Back in the late nineties, early oughties, when CSS was barely supported, I started to tackle the craft of page building in HTML. It was something that I tried to pretend did not exist. This was the result of being so found of the new digital tools, and not wanting to go back to what seemed like a disconnected way of working. Before digital, everything was speculative. You were never sure the way match colors would work together or how images would look with text.

By the late 80’s, I had been working professionally as a graphic designer for about 10 years. I was transformed by the new software by Adobe, Quark and Aldus. Vector art and raster color manipulation were nothing short of a revelation. The color interface alone in these programs seemed to crystalize a century of color theory into a single panel of bars, swatches and drag levers. I was reborn as a designer. In fact, these new tools gave me the fearless git-go to start my own studio. What used to take days and weeks, could now be resolved by lunchtime.

So, as you can imagine, when design for the web became a thing, I hated it. I thought HTML was clunky and counter-intuitive. Especially since I was still in the afterglow of working with instant results in the new software that had reinvented our profession and our industry.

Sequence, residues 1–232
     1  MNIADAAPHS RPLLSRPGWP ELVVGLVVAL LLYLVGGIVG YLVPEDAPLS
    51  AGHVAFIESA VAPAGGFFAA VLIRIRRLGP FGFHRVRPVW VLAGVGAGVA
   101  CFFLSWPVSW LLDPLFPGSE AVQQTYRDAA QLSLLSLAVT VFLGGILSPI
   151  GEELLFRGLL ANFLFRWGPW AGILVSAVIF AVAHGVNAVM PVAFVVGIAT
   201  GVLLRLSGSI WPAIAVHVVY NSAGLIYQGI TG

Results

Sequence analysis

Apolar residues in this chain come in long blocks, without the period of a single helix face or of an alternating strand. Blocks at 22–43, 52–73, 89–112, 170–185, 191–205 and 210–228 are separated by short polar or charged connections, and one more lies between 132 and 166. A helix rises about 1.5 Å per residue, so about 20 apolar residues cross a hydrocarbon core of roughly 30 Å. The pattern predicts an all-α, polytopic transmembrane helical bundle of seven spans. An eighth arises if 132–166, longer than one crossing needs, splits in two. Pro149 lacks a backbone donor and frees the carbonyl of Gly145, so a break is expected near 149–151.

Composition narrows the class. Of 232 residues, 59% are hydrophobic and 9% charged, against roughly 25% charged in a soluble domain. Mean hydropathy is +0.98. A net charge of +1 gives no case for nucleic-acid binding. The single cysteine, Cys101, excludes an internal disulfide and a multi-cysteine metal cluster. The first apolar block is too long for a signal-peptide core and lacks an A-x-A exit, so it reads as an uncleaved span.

It drove me batty that I was finally able to create masks in a snap, move things around the screen freely, and change color decisions on the fly… Only to be faced with now needing several steps to nudge something two pixels in HTML. Pixel shim? Tables? Are you serious?!

Needless to say, I got over my disgruntled rancor for the browser as an environment, and started to see that it was more than picking colors, type faces, and exploring an illustrative treatment. It was really about building. In order to love designing for this new medium, you have to love the idea of building. Once I came to accept that, I started to enjoy myself. Of course, there were miles to go before I would feel like I was firmly in the game. In fact, I am amazed on a daily basis at what people can do. In fact, that was a deterrent for quite a while. Comparison as we all know, can crush your soul. Best to just do what you know and sally fourth.

Going through some old files, I found attempts at site design and building that I I wanted to keep alive. The site here is a sample of that philosophy of doing what you know. It was an effort to create an archive to compile images and efforts together is an HTML navigation. An attempt at an online journal and to experiment with design, navigation and the interface. Dare I say that I was starting to have fun.